That is just the start of the roster questions about a Celtics’ team that all season lacked cohesion and trust, and in the playoffs that came back to embarrass them.

This series was a total role reversal. Milwaukee eliminated Boston in game 5 the way the Celtics eliminated them a year ago — defense and good team play.

The Bucks held the Celtics to an offensive rating of 86 (well below a point per possession) while shooting 25 percent in the first half and 31.2 percent for the game, although that was as much about Boston’s desire as it was anything Milwaukee did. The Bucks used their length to contest shots in the paint — the Bucks shot 6-of-19 in the paint for the first half — and still get into passing lanes.

Part of the problem with the Celtics’ offense started with Irving and his desire to play hero ball, which played into the hands of the Bucks’ defense. Irving shot 7-of-22 in Game 4 and said of that “I should have shot 30.” Well, in the first half he shot 5-of-16, had zero assists, and his Celtics were down by 11. Irving finished the game 6-of-21 from the floor for 15 points.

On the other end of the court, the Bucks had a balanced attack. Antetokounmpo led the way with 20 points, 8 rebounds, and 8 assists.

However, Antetokounmpo had only had 6 points on 2-of-6 shooting in the first half, the Bucks took charge of the game because his teammates stepped up. Khris Middleton had 19 points and 8 rebounds for the game, Eric Bledsoe had 18 points, and George Hill had another impressive night off the bench with 16 points.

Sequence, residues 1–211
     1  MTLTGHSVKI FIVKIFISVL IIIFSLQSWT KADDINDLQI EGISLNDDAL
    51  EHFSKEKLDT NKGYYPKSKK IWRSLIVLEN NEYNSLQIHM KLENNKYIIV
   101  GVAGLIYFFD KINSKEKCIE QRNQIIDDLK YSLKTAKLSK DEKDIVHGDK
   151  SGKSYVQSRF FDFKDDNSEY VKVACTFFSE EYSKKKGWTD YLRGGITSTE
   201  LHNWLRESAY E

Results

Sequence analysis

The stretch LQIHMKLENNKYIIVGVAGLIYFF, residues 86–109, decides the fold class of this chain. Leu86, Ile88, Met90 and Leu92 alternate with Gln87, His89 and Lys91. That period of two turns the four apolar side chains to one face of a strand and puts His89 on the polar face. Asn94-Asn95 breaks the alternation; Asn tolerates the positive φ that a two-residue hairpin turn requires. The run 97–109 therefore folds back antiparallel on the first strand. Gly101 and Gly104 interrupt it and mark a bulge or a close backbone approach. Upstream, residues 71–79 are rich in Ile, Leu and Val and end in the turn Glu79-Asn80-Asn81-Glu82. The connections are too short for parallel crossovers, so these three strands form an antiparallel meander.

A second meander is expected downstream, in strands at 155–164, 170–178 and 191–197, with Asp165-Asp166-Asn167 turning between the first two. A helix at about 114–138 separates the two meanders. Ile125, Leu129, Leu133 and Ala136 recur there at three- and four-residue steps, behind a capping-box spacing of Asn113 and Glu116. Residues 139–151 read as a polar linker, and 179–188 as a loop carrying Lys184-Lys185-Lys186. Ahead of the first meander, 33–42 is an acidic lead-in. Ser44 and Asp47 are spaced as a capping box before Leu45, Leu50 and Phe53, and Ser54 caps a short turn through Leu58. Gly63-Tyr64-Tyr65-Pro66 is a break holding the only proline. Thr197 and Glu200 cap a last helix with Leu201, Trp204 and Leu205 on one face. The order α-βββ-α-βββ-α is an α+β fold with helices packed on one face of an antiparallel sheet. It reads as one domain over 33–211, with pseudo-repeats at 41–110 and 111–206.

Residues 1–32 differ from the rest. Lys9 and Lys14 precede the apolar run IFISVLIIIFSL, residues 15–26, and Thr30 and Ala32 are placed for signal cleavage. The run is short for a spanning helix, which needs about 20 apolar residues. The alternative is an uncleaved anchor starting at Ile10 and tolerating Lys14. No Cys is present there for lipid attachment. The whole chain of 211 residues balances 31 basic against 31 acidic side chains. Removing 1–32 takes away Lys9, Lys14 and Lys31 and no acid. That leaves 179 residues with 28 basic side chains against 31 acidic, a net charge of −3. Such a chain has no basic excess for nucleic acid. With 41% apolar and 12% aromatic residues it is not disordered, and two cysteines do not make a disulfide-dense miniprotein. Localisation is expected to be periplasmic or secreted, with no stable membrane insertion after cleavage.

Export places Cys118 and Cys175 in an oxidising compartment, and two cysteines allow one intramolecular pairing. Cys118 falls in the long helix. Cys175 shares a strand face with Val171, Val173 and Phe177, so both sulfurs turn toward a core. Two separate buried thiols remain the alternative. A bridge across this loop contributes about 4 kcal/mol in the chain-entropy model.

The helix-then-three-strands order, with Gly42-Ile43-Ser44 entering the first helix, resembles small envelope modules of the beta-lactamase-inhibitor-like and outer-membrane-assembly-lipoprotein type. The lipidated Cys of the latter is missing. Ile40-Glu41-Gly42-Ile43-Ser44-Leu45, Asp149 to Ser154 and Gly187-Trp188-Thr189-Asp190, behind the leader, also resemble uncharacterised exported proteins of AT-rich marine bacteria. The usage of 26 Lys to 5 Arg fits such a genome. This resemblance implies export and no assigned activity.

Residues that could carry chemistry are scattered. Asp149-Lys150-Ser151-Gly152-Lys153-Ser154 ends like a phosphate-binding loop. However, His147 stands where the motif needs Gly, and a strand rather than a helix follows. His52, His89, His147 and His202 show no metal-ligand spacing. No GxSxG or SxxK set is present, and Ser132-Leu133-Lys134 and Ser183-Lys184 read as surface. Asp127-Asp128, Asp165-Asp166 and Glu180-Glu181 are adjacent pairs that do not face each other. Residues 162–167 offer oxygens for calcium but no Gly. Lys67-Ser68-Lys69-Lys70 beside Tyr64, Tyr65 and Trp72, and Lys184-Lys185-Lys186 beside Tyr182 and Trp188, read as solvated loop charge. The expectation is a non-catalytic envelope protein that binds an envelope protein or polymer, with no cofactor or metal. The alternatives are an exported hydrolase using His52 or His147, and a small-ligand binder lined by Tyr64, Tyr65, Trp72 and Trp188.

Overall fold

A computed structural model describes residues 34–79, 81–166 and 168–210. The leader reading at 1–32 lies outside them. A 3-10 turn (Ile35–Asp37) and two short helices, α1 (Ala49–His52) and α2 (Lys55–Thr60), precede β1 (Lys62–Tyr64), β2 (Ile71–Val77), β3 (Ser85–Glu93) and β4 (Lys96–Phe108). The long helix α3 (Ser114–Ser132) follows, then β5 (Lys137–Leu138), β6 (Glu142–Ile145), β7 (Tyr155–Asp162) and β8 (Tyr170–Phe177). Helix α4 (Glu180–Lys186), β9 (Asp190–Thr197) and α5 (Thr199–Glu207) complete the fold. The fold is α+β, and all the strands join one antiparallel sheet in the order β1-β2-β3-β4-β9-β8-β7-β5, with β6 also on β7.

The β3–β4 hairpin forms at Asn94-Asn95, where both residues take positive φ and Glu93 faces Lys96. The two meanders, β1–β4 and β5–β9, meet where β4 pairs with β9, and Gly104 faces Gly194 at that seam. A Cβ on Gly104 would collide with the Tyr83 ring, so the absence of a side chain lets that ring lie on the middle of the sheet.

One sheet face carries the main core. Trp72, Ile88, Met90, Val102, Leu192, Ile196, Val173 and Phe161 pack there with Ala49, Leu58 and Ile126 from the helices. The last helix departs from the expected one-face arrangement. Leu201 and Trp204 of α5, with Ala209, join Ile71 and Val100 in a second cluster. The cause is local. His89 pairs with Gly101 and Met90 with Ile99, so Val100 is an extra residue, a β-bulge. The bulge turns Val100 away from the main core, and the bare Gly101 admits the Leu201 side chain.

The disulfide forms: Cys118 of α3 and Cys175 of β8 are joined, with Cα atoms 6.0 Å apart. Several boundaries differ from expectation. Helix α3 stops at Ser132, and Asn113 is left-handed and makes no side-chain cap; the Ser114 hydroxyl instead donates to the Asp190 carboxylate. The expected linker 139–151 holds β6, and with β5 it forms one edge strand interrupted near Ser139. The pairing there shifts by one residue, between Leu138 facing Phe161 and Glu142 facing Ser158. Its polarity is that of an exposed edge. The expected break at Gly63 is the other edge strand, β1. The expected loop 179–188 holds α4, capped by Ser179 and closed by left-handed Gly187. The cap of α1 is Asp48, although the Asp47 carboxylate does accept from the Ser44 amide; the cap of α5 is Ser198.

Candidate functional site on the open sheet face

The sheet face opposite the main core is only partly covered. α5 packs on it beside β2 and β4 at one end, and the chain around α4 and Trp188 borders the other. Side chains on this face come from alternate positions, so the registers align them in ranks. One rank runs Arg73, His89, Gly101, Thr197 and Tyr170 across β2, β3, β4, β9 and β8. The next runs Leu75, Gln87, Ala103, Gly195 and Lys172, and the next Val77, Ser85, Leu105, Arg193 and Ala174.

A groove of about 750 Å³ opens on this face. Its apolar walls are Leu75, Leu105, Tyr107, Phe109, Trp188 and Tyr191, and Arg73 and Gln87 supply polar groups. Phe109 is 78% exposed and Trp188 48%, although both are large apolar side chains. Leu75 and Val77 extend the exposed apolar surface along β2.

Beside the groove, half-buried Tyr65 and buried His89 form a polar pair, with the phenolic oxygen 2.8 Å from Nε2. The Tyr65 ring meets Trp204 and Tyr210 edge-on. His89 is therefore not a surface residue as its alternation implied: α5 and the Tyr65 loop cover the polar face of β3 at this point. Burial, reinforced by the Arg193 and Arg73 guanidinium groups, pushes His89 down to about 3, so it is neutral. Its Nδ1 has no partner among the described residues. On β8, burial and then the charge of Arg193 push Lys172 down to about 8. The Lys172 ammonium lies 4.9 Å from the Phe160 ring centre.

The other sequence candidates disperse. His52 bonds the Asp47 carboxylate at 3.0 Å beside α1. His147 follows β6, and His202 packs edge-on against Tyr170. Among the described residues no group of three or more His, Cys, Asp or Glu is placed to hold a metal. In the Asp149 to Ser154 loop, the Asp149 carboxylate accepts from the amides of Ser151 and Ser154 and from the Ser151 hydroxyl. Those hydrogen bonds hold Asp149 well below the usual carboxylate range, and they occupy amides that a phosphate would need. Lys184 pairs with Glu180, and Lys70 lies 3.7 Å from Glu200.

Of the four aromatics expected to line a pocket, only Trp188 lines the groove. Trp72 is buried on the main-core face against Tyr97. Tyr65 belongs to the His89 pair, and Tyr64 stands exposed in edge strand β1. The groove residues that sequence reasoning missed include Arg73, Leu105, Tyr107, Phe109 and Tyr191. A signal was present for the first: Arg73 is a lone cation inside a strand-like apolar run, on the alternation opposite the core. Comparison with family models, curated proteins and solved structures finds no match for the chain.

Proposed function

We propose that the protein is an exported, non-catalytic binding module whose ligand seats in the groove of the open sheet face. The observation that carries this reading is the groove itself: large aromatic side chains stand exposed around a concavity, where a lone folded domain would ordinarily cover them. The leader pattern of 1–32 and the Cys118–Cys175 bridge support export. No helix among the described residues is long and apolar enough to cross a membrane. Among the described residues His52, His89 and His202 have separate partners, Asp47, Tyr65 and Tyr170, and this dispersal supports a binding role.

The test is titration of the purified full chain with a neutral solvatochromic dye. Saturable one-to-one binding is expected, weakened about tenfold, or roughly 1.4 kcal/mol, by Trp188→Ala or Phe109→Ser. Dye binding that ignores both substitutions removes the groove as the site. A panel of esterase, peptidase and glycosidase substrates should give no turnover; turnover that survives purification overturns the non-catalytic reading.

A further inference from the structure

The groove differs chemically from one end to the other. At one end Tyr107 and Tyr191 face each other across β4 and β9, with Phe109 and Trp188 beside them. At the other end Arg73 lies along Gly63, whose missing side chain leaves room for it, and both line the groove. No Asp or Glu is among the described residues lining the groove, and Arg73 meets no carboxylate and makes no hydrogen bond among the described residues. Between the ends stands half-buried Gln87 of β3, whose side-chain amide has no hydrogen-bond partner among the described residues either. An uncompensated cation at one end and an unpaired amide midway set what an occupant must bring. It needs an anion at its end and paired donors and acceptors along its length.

The Bucks are going to need that kind of balance in the next round, but they looked like a team that has grown a lot in the last year — their time is now.

Boston players can watch those games from their hotel rooms in Cancun, while they ponder their future.

Cam Reddish looks to make new home with Hawks

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ATLANTA (AP) — Cam Reddish is looking forward to playing for the Atlanta Hawks after he was hampered by a groin injury during his one season with Duke.

The 19-year-old Reddish joins a promising young core with Atlanta that also includes Trae Young and John Collins after he was selected by the Hawks with the No. 10 pick in the NBA draft. Former Virginia star De'Andre Hunter also is headed to Atlanta once its draft-day trade with New Orleans becomes official next month.